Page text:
The latest NY Times article about Social Security drops hints that the plan to have a 4% payroll tax diversion, funded at least in principle by cutting the rate of benefit growth, is in big trouble politically. As in: crisis story not selling, benefit cuts likewise not selling, Democrats firmly opposed, Republican right think it doesn't go far enough, Republican moderates quaking in their boots that they will get massacred politically on it.
But help is on the way (ha ha):
"One group of Republicans is pressing the administration to make the accounts as big as possible, preferably permitting the investment of all or nearly all of the 6.2 percent levy on wages that individuals contribute to Social Security ....
"Many of the same Republicans have also come out forcefully against a proposal to deal with Social Security's long-term financial problems by reducing the part of future retirement benefits that would come from the government .... [Presumably - this is me interpolating here - the idea here that those opting in lose a fraction of their guaranteed benefits while those who stay in the traditional system lose nothing.]
"[T]he approach has been embraced by some ... high-profile Republicans, who say it would be a bold move to harness the power of markets to address social and economic issues and would in the long run leave the nation in much stronger financial condition."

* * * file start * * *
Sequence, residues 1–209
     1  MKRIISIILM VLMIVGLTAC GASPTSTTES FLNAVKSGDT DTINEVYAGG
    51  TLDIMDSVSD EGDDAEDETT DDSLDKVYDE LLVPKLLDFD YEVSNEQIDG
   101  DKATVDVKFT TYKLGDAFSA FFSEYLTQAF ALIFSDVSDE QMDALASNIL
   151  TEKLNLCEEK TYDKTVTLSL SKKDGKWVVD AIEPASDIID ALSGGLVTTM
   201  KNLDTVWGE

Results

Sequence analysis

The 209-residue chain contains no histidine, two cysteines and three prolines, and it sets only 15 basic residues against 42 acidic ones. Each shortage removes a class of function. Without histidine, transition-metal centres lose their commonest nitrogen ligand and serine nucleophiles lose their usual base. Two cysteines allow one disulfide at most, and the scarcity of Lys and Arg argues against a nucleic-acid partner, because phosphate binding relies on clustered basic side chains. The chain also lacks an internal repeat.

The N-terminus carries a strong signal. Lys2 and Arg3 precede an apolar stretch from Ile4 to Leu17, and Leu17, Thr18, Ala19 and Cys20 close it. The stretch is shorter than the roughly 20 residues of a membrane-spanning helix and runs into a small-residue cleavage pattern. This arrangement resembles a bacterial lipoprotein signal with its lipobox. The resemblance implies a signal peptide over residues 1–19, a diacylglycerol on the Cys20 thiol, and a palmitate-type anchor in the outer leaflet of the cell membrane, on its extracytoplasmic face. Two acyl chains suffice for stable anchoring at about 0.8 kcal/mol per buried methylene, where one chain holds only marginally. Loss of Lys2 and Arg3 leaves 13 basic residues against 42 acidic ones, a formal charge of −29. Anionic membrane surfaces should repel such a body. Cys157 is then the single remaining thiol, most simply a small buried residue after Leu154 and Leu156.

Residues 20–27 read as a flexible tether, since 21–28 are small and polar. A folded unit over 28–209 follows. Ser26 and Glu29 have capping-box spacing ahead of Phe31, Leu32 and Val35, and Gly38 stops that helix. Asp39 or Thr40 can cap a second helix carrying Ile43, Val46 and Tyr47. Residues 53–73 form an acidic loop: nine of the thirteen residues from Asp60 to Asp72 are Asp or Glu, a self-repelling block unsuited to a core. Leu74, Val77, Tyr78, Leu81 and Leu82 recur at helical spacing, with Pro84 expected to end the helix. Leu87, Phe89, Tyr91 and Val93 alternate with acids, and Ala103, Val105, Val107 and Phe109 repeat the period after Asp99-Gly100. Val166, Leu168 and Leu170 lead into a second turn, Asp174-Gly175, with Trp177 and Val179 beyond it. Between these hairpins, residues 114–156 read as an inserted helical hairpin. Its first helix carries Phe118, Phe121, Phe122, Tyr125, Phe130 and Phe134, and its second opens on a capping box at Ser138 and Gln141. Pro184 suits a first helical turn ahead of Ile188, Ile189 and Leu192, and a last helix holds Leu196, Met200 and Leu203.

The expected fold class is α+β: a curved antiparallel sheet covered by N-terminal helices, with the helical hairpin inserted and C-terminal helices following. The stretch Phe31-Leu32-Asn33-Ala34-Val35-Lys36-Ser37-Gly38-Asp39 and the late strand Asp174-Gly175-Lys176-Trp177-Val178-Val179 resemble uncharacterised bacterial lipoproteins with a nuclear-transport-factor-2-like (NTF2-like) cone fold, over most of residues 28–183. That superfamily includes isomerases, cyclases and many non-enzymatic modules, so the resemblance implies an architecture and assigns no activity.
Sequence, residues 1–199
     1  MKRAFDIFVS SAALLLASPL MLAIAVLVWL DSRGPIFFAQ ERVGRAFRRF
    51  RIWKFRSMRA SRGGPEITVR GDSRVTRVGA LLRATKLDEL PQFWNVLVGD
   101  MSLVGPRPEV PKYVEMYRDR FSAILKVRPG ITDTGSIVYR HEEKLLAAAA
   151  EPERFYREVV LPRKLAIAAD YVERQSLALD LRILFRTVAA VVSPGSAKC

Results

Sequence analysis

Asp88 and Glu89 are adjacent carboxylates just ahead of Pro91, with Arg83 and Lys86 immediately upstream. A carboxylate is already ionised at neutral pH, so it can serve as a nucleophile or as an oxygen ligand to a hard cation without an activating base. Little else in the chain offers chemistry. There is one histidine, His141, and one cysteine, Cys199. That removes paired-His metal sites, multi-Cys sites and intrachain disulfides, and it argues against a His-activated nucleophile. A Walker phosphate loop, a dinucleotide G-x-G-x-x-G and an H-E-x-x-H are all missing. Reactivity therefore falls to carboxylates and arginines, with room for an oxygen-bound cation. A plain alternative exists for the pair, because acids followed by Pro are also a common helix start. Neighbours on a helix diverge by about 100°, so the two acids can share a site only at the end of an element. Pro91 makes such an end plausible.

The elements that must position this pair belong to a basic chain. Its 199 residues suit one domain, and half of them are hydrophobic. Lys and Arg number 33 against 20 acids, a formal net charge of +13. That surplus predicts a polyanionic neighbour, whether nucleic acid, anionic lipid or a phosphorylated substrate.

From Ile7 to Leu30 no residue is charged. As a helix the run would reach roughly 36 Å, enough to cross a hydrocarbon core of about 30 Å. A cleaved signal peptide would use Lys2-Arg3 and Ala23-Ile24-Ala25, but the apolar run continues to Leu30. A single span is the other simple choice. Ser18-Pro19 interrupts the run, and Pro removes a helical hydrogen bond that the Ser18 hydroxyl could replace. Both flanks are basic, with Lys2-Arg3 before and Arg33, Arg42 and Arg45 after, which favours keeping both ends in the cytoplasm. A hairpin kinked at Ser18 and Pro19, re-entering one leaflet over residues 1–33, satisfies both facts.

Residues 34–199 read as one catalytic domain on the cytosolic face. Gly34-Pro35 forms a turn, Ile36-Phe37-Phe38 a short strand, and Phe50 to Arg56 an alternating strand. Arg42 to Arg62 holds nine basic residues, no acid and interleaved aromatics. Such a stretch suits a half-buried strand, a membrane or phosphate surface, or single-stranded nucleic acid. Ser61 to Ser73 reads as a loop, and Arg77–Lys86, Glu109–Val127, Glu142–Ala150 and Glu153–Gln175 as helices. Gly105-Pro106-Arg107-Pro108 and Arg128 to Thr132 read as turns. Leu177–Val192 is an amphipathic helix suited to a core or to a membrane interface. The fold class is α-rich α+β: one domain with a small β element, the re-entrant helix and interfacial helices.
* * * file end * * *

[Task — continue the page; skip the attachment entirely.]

Matt Yglesias does a good job of nailing this on the merits:
"Um...awesome! How about the "Yglesias Total Fiscal Freedom Plan." Under this plan, workers will be permitted to contribute not only their 6.2 percent payroll tax, but also however much income tax they happen to pay, to personal retirement accounts. The government, meanwhile, will fund itself with the 6.2 employer portion of the payroll tax, along with the corporate income tax, and fees for fishing licenses on national parks."
Whoever in the Administration is talking to the Times does not like this plan, but Bush has not decided. Political logic tells me that this may be where they are headed. It fits the underlying philosophy (dating back to Barry Goldwater's 1964 suggestion that Social Security be made voluntary). And, with the other plan simply not making a sale, it permits the claim that no one loses benefits involuntarily.
A remaining detail is that they need to sweeten it up so lots of people actually will opt in. The way to do that is by making the trade of surrendered benefis for size of account extremely favorable.